Isn’t it more likely a matter of time and each playing its role and collectively giving rise to each other, enabling, engaging, cooperating, competing, which drives change?
¶b11 “One way to study consciousness is to try and create emergent behaviors within computers.
It’s interesting as mathematical computing challenges, but I’m (as are increasing numbers of scientists) convinced it'll require an evolutionary-biological-genetic-historical approach to understand how evolved creatures found solutions to survival challenges, and it’s this interaction that drove creatures towards ever higher levels of awareness… ultimately arriving at today’s consciousness spectrum within Earth's animal kingdom.
¶b15 “Another factor that makes the brain different from computers stems from the basic structure of the brain itself. Brain is not a static piece of hardware, but an organic and interconnected cellular structure.
The brain is way more physically connected to our entire body than most folks appreciate. We are, in turn, more inter-connected to our respective environments, than most appreciate. (to our own detriment on both counts)
¶b18 “First of all, we know that there is definitely a link between brain and consciousness. …”
Okay, so that’s settled.
¶b22 “The point is: we have no idea what the physical world actually is, we only know how our bodies can sense it through equipment we have available to us. … (then on to sense the world)”
One of my points, exactly.
¶b31 “… As we suggested before, it is certainly possible that there is something out there called consciousness that exists independent of our brains, and that our brains are merely receptors of that consciousness, like a radio picking up electromagnetic waves from the air. …”
How? To what Purpose?
Why is such a thing "certainly possible" out there? Please think it through.
Where is the transmitter for this consciousness? How does it know what to transmit? For that matter, what's to sent it? How does that transmission know to coincide and keep up with the flood of varied physical and mental incidents that fill our days.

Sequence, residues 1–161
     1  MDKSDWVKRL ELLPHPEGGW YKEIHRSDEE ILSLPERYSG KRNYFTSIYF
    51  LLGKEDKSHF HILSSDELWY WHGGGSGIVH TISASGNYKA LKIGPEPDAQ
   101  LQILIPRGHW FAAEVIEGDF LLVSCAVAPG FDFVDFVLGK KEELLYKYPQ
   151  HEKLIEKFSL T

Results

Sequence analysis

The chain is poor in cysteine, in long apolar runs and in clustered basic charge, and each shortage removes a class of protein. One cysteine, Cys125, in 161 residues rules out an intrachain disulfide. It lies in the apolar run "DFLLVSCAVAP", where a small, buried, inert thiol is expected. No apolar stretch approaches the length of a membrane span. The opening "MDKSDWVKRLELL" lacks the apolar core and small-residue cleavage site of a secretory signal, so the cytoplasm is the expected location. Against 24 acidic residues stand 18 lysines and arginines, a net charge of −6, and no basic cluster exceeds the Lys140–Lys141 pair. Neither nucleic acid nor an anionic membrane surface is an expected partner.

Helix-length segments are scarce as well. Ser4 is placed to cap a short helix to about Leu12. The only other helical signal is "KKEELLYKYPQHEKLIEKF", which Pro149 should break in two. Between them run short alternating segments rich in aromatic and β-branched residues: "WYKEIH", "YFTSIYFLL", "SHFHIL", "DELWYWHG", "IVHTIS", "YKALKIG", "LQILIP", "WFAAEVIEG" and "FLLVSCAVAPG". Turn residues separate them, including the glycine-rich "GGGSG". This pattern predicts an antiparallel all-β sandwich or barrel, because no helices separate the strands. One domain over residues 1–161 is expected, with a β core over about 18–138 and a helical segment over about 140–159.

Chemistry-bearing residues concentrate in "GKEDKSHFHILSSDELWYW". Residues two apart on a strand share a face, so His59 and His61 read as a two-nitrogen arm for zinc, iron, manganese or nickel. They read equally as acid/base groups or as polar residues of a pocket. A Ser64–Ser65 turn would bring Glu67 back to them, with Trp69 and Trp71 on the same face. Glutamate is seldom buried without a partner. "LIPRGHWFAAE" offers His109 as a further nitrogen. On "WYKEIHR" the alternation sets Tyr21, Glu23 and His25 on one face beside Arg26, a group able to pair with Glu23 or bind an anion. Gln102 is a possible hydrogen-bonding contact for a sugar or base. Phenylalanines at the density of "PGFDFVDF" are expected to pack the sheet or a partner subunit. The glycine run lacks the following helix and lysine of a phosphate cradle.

We need to spend more time really thinking about what consciousness is for. Consciousness is all about processing the experiences of a body to help it get through the day and get on with survival.
How can any cosmic something relate to our complexity?
Bodies reacting to the moment, in a real physical world full of unpredictable happenings. A world where an infinite array of consciousness interactions occur every moment, with many of them leading to unanticipated cascading consequences with further unintended consequences and so on.
¶b34 “In his book, The "Self-Aware Universe”, physicist Amit Goswami holds the view that consciousness creates the physical world, and that the universe itself has conscious awareness. … He proposes that the universe exist only in a state of subatomic phenomena which collapses into a particular state once an observer is introduced. …”
That’s the stuff of religion and philosophy, not science.
As for just so stories, I have my own imagined creation myth to toss into the collection plate:
It has been written:
"God, having no body, can only know God’s creation via the sensory/processing abilities of God’s creatures.
Creation is all about God constantly striving toward ever better awareness.
God kept striving, appreciating every advance, but always wanting more.
Then success, only through human eyes and longing and greed could God truly appraise the magnificence of God’s creation. And glory in God's own creation.
We are the Eyes of the Universe.
Sadly, God got too absorbed in God’s own self-glorification.
God forgot all about bestowing some wisdom into the hearts and minds of God’s most magnificent creature, these human beings.
It doesn’t have a happy ending. "
But that has nothing to do with facts, or science, it's a fiction like a million others we construct.
¶b36 “Over the millennia, we have developed many tools to help us understand bits and pieces of Reality, tools such as Buddha Science, formal scientific pursuits, philosophical, metaphysical, and religious. The best we can do is try to piece together the understanding gained from these various pursuits, and try to develop a better map, a map that may look a little more like the terrain of Reality than the one we have today.
¶b37 “In the concluding chapter, we will try to pull together what we have discussed here, and provide some thoughts and speculation about where we may be headed as we knit together these bits and pieces to try and answer the question we posed at the beginning of this book - What is Reality?
I appreciate Steve Daut for writing out these concepts and I thank him for allowing me to share them in this virtual discussion with his book.
Buddha Science, ©2016, For a copy contact Steve Daut:
This is another Cc's Student's Workbook, of sorts,meaning a little repetition is to be expected,honing concepts and descriptions.Offering food for thought.
Is there anybody out there?
citizenschallenge at gmail